In Tabriz, there is a Christian Armenian cemetery in which under a big old tree you can find a tomb where a hero is buried: Howard Baskerville, born in Nebraska and graduated from Princeton. In 1907, being 23 years old, he came to Iran as a missionary and taught history, English and geometry in American Memorial School of Tabriz.
He was intelligent and soon understood that the Iranians were suffering under the dictatorship of Mohammad Ali Shah Qajar. Feeling the nation's bleak situation, he decided to join and train the revolutionary fighters in Tabriz. For his decision, he was censured by the American consul in Tabriz and the school dean. Even his fiance's persistent persuasion didn’t change his mind. Eventually he was killed in Sham Ghazan battle, on 17 April 1909, when he was only 25 years old. Thus, he remained in Iran as a guest forever.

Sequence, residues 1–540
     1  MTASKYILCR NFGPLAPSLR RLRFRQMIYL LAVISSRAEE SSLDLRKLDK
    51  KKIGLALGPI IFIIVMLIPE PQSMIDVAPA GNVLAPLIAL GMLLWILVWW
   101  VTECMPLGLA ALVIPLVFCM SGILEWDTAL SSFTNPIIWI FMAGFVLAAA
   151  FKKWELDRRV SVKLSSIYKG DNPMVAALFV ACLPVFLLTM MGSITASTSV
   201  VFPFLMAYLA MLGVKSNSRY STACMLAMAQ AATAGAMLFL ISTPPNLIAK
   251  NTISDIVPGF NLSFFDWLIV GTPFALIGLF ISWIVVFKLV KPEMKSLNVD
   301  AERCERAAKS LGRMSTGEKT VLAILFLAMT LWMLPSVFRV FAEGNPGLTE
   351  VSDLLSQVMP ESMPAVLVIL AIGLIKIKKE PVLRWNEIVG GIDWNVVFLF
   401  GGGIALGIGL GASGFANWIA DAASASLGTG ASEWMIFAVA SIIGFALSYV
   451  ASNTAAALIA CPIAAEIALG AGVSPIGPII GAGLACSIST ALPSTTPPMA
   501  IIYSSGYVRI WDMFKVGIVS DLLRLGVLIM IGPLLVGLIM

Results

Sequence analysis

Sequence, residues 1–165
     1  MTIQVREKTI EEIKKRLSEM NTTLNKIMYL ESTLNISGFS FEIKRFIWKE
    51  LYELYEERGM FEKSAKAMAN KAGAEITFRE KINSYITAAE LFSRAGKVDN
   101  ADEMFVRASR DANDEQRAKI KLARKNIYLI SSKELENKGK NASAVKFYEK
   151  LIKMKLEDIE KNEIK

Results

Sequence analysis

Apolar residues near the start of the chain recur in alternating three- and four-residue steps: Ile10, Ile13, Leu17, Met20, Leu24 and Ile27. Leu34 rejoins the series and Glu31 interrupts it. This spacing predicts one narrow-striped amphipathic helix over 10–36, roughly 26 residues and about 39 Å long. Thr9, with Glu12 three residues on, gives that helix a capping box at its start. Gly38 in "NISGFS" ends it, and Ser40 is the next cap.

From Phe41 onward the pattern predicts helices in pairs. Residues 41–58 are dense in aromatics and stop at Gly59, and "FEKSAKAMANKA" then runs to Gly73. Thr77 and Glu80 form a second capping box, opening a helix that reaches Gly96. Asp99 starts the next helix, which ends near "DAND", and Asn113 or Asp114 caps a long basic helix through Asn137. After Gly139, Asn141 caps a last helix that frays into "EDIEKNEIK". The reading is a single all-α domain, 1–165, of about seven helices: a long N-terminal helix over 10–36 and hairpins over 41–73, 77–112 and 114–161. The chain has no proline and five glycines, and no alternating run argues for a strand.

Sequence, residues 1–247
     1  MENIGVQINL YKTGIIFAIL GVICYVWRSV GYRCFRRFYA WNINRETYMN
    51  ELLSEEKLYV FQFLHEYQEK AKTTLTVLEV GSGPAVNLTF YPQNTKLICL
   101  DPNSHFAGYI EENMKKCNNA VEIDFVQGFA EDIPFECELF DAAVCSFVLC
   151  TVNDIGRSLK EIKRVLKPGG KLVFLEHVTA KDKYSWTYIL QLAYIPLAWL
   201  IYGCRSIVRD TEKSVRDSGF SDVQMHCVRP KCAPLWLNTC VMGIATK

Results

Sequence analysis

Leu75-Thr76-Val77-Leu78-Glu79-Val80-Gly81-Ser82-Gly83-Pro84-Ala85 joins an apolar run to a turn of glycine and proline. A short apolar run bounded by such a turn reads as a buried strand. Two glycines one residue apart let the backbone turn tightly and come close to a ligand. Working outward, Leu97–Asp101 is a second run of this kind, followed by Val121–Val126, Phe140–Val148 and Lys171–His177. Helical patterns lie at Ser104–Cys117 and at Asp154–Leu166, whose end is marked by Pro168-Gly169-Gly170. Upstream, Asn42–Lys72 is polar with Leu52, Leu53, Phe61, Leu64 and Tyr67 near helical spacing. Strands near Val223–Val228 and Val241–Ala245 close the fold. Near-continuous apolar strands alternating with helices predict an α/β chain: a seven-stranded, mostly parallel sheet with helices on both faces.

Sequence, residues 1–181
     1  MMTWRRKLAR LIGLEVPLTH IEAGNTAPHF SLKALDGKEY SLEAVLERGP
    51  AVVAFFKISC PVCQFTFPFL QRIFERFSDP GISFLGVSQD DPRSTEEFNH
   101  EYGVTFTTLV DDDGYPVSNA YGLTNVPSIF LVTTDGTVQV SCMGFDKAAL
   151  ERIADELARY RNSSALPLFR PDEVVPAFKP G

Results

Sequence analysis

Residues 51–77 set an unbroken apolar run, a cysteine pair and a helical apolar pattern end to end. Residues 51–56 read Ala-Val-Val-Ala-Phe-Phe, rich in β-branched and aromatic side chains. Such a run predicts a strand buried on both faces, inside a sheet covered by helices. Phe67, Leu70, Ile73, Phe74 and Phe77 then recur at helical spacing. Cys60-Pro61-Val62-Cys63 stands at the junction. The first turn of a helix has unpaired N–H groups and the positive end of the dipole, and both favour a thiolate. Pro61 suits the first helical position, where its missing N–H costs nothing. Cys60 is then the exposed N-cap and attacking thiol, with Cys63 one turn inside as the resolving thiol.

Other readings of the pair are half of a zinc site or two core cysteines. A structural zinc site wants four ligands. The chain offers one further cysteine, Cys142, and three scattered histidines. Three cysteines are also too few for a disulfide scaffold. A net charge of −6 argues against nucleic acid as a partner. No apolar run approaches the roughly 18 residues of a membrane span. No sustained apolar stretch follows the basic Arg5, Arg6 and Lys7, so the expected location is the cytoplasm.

After his mourning ceremony, some Tabrizian artists wove a silk carpet with his photo on it to appreciate his efforts. His family never received it. There's a photo of the carpet, though, nobody knows what happened to it.
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